Peter Cooper : UK Web 2.0 and Ruby on Rails consultant
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Transparency in hiring

People who blog have a known level of transparency. You can see what they think, what they're up to, and, often, how skilled they are. It shocks me when someone who clearly spends a lot of time online and professes about how skilled they are has no blog, journal, or even a personal Web site.

Not everyone has time to update a blog, I know, but the bare minimum of their achievements would do. I would find it hard to hire someone who wasn't a blogger for something like FeedDigest or an online marketing or PR style role because they're clearly not making the effort. It'd be like hiring someone who had no résumé, references, or anything to say about themselves.

August 02, 2005 | Posted by peter | Comments (9)

In the future, without a blog you're forcing yourself to be a surf. Every blog should list a resume and a talk about what you are currently studying, developing, etc.

The long tail will find you.

My current career model is all based on writing something, and trusting that Google and Technorati will find a market.

Posted by: Alan Gutierrez at August 2, 2005 01:24 AM

Is that (Technorati) how you found this post, Alan? It seems to be becoming a lot more popular nowadays.

Posted by: Peter Cooper at August 2, 2005 01:36 AM

My excuse is that I fear mine would become quite (too?) depressing, talking mainly about the role of 'self-representing litigants,' the decline of nursing homes in this part of the world, and, well, that's depressing enough :-P

In all seriousness though, thank you Peter -- you may have just given me the 'push' I need to set out on a bit of a blogging expedition of my own. (But life was go good as a blog lurker!)

Posted by: Reece S at August 2, 2005 01:53 AM

Found you in the comments of, Peter. Added your feed to my feed reader a while back.

Posted by: Alan Gutierrez at August 2, 2005 05:27 AM

Alan, that's "serf", not "surf", although we should all hope for a career path that gives more time for surfing. :-)

My current company is a software startup in the area of on-demand applications and server virtualization. With the amount of buzzwords we trade in, you'd think the marketing guys would have more of an interest in blogs. But no, they have no plans at all around blogs, don't particularly care that anyone in the company might *be* blogging, and aren't even willing to learn about tools like Technorati, PubSub, or to track blog conversations in our space. It's so stone-age.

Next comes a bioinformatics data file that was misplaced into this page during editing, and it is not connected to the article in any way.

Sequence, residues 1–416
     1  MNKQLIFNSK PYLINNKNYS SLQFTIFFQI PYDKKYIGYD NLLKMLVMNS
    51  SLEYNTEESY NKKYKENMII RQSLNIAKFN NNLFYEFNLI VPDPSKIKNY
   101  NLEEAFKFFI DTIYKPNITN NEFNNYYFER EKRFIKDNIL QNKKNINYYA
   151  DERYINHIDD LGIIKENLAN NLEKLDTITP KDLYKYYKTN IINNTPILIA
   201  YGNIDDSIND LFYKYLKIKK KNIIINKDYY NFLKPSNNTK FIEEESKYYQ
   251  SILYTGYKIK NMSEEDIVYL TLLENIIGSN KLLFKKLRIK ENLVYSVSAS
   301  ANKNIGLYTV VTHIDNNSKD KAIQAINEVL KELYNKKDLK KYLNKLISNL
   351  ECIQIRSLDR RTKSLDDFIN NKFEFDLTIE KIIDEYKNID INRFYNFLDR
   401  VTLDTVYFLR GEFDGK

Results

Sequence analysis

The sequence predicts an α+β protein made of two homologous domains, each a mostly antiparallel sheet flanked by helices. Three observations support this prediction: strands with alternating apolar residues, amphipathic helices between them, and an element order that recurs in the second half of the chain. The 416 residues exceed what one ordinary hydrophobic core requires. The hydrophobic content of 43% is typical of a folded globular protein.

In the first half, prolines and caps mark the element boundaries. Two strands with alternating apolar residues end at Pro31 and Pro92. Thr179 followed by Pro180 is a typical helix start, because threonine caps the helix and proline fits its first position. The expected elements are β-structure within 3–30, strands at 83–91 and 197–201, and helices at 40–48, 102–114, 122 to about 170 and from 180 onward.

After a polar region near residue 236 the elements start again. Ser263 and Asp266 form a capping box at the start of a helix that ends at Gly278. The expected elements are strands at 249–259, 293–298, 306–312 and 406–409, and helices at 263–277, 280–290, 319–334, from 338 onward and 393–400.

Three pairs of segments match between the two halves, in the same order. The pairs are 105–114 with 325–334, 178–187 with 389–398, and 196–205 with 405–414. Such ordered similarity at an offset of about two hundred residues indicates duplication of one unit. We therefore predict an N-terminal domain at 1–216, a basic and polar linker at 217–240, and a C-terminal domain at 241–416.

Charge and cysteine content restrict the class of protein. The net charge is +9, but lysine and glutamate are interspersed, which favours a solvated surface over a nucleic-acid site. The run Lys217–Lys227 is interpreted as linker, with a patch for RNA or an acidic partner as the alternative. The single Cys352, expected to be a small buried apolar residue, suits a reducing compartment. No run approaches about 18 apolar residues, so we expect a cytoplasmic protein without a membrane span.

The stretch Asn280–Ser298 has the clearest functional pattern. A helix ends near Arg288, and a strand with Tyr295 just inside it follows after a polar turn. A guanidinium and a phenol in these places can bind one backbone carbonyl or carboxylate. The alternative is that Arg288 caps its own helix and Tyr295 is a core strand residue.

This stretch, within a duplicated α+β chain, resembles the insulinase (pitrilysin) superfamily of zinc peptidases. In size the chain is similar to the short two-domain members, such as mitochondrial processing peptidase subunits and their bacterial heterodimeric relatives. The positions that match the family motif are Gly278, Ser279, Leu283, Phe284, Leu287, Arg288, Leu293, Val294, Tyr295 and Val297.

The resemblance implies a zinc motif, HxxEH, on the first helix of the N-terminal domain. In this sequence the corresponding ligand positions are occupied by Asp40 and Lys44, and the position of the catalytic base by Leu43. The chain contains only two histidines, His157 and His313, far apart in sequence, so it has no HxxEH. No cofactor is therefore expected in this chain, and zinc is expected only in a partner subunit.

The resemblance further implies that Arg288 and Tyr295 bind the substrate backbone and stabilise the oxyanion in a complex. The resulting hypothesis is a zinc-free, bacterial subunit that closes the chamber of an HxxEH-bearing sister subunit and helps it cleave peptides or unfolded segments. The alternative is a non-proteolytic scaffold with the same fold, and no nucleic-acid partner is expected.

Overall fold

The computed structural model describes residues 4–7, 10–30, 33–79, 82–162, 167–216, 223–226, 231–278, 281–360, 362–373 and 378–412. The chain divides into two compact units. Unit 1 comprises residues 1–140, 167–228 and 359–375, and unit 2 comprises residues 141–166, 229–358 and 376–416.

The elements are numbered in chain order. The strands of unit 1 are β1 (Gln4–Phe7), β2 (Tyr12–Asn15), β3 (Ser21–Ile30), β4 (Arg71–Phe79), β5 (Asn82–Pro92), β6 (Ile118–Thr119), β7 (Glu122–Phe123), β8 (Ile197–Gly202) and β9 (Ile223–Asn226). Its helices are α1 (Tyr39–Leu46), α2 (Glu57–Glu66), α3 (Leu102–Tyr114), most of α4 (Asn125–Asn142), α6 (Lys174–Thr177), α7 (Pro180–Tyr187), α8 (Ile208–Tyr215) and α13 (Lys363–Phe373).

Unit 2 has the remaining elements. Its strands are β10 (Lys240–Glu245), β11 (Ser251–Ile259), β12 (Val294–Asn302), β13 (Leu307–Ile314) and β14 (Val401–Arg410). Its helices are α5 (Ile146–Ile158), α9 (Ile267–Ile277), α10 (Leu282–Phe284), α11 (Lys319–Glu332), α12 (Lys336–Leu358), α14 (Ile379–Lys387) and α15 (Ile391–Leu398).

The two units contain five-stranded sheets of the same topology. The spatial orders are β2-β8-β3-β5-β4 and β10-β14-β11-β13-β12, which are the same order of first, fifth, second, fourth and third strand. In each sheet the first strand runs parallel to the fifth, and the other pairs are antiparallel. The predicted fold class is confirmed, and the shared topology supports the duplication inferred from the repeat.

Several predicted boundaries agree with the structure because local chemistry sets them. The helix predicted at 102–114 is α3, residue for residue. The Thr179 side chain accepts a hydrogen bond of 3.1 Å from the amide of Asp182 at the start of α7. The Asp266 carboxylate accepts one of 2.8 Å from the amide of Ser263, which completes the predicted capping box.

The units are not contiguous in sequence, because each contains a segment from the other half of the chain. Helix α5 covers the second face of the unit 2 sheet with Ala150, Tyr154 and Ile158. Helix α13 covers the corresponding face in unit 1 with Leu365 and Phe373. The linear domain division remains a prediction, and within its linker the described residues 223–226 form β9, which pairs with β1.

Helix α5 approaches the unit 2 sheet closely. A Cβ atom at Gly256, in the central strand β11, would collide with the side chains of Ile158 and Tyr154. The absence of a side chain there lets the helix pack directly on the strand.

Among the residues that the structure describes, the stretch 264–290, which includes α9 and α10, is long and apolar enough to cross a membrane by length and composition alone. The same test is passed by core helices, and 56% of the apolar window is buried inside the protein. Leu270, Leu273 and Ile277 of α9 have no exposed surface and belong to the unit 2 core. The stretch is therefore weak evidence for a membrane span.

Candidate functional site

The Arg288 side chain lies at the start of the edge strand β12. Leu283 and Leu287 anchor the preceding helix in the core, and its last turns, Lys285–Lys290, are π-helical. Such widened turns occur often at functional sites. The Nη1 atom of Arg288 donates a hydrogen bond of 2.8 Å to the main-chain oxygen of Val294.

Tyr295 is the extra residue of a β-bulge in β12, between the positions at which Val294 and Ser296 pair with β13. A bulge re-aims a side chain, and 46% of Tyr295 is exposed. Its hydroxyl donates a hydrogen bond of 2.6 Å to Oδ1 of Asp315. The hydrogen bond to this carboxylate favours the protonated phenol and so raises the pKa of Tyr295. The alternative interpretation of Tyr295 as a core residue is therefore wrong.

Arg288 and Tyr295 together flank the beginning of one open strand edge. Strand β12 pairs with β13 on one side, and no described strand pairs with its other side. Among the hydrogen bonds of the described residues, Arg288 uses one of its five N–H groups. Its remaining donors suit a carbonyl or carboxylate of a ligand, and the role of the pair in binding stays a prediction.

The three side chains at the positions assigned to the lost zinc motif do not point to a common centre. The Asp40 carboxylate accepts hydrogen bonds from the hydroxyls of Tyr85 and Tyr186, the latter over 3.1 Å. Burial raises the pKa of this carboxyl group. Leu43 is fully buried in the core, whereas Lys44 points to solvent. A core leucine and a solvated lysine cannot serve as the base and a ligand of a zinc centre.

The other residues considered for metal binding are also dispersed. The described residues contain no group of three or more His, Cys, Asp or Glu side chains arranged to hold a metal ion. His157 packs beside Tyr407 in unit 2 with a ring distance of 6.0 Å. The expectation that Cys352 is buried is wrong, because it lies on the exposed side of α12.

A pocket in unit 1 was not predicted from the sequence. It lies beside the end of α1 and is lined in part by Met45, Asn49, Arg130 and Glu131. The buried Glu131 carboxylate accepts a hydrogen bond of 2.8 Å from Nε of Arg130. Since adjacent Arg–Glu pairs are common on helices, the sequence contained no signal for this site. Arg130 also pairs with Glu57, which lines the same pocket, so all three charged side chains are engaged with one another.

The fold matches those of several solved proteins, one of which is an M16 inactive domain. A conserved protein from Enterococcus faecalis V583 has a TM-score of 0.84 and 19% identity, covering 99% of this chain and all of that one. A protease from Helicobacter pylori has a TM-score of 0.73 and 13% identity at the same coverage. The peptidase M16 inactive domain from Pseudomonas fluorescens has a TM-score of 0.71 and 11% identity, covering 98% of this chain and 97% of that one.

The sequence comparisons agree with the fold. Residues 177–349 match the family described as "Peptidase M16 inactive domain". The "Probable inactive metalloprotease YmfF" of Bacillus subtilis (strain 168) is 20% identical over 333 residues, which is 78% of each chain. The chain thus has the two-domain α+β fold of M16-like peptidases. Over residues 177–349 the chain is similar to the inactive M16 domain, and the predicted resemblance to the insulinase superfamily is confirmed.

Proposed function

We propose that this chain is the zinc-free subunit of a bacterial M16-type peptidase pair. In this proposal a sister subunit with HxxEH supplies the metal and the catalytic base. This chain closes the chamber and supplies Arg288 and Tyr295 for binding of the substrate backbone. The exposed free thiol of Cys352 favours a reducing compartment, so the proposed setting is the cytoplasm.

Posted by: Andrew at August 3, 2005 02:39 PM

LOL. Becoming a surf. What a concept. Thanks for the correction.

Andrew - When I really started delving into the blogosphere about two years ago, I thought that things would move much faster than they have.

The problem is probably one of expectations. Jeff Jarvis is on about the 100 lists, and there were those silly Technorati stats that came out last week saying there were N trillion new blogs starting every day.

Jeff attacks the A-lists, but they do count for something. The proliferation of feeds is mostly spam, or TypePad trials, but it does count for something.

Somewhere in between is a new form of personal communication that has accountability, persistence, a richer format, and meaningful attachments (hResume). There is going to be a huge public database of personal information, and ad-hoc applications of software assembled by the laity.

There isn't a business model for this. It's nothing you can understand unless you partake.

(Wow. That last part is soooo true. Whenever I take a break from blogging and I completely forget what it is all about.)

Posted by: Alan Gutierrez at August 4, 2005 11:16 PM

So you'd only hire self publicists?

Posted by: Jim at August 12, 2005 11:37 PM

You put it a bit bluntly, but.. sorta. Consider that in the academic world one is not considered accomplished unless they have a lot of papers or citations to their name. Likewise, I believe that in the Internet world, one should be well published on the net. If you're a temp or a paper shuffler, then great, but if you think you're something hot on the net, then if you haven't used the tools to prove it...

Posted by: Peter Cooper at August 13, 2005 12:39 AM

hi. just letting you know that i enjoyed your site. out little pieces of bread and cups of juice: , through others who went there

Posted by: thomas miller at October 10, 2005 08:38 PM

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